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Union groups fight TN workers' comp overhaul

7:50 AM, Apr 9, 2013   |    comments
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By Nate Rau, The Tennessean

Union groups on Monday blasted Gov. Bill Haslam's plan to create a new workers' compensation office and place it under the troubled Department of Labor and Workforce Development.

The Haslam administration is pushing legislation to overhaul worker's comp and effectively create a new division of state government, which would share administrative services with the Department of Labor. Critics say the proposal comes at a bad time, because the labor department is already struggling to carry out one of its core functions - distributing unemployment benefits.

An audit released last month showed the department had issued $73 million in overpayments in recent years and failed to monitor fraud and abuse of unemployment benefits. The stressed unemployment system has seen its customer service dip to a recent low with thousands of out-of-work Tennesseans waiting months for their initial unemployment checks, according to the audit.

"We are calling on the governor to put the brakes on moving such a vital process for injured Tennessee workers into the most dysfunctional department in the state," the Tennessee AFL-CIO Labor Council said in a statement. "This audit showed problems in multiple divisions of the department, not just in the Unemployment Insurance division."

The bill, which has already cleared the Senate and is progressing in the House, would completely overhaul the workers' comp program by moving claims out of the courts and into a new administrative system that would be under the labor department's umbrella.

According to the bill, the new review positions would be a separate functioning division under the Department of Labor except for administrative matters.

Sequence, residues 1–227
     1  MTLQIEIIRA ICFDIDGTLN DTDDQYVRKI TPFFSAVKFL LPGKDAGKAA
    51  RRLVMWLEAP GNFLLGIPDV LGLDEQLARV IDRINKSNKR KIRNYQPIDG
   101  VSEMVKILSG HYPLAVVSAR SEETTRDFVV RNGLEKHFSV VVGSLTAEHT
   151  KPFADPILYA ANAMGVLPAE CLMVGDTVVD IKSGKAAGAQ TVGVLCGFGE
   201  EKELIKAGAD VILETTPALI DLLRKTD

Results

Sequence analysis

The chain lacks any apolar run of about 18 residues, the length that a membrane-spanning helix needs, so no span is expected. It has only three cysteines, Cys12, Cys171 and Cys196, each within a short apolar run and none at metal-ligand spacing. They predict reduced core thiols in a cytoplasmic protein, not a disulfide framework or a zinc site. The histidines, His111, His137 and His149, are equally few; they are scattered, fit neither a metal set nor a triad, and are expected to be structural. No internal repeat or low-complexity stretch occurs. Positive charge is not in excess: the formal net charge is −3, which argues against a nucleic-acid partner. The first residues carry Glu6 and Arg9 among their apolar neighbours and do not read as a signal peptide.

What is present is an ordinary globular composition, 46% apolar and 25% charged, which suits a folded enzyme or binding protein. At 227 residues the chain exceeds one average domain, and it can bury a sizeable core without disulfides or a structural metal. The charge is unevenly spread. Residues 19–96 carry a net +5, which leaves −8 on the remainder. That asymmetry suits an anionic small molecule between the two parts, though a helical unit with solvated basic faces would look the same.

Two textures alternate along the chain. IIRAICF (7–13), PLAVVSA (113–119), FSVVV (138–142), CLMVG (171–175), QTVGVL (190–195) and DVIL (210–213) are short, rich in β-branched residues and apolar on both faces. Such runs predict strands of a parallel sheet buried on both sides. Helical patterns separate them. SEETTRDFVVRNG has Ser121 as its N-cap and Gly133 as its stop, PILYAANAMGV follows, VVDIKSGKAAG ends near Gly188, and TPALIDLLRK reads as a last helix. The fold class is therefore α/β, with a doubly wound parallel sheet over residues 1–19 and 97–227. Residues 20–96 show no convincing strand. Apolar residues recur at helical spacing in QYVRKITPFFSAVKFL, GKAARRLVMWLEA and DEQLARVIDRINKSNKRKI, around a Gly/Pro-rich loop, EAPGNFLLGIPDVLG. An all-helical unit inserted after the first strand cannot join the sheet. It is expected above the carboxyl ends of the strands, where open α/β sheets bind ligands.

State Rep. Glen Casada, R-Franklin, said critics were overstating the labor department's role. The bill calls for adding administrative law judges and other positions to operate the program. The new program would largely be covered by revenue generated by higher fees charged to those making claims.

The labor groups "may not understand what we're setting up," Casada said. "The Department of Labor would not oversee what we're going to put in place. There would be judges, ombudsmen appointed to handle the workers' comp reform. Those who are employed in the Department of Labor would not be overseeing it."

Fix said to be in works

The labor department, which has seen several of its top officials resign in recent weeks, said in its response to the Comptroller's audit that it would offer a plan to fix its problems in the next 90 days.

Haslam spokesman Dave Smith said the proposal to move the workers' compensation program and the problems in the labor department were unrelated.

"The (labor) department self-reported the issues and, as the release on the audit noted, is currently working to correct them," Smith said.

The new system, which would take workers' comp claims out of the court system so they could instead be considered by administrators appointed by the governor, would cost the state more than $1.5 million annually to administer, which would be offset by higher fee revenues, according to the measure's fiscal note.

Labor groups have pushed back against the program, which they say would hurt workers injured on the job. State Rep. Mike Turner, D-Old Hickory, said the proposal is part of a pattern by Republican leadership to push bills that are unfriendly to workers.

Mary Mancini, executive director of Tennessee Citizen Action, a nonpartisan consumer advocacy group, said that at the very least, the Haslam administration should hold off moving workers' comp under the department until its existing problems are addressed.

"They're talking about adding another multimillion-dollar division that's paid for by taxpayer money into a division that's already rife with mismanagement and problems," she said.

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